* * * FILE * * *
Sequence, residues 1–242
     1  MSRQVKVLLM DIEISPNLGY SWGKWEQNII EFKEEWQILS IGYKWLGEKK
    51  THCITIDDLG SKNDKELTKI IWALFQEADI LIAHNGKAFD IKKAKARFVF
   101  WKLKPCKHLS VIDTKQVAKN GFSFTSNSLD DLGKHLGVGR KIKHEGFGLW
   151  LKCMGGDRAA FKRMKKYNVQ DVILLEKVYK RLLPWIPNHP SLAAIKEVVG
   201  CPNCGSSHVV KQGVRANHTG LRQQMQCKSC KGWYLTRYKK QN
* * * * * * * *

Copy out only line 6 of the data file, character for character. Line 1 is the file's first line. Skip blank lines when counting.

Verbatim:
   201  CPNCGSSHVV KQGVRANHTG LRQQMQCKSC KGWYLTRYKK QN